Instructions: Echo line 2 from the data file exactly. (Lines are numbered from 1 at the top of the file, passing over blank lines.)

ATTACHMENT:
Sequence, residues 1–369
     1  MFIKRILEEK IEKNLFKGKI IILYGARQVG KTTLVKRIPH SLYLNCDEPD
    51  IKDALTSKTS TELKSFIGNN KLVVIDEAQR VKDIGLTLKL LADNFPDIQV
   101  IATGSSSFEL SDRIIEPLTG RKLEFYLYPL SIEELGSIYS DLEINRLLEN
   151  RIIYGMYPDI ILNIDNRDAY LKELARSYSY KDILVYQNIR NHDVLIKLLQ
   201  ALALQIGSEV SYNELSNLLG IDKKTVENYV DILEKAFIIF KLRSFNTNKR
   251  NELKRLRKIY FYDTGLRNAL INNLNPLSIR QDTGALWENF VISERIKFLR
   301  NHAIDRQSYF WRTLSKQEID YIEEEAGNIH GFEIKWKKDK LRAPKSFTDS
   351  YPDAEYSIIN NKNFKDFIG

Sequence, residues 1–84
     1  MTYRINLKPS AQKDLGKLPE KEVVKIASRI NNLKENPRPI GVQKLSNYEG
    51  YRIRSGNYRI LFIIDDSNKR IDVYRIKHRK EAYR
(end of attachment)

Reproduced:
     1  MFIKRILEEK IEKNLFKGKI IILYGARQVG KTTLVKRIPH SLYLNCDEPD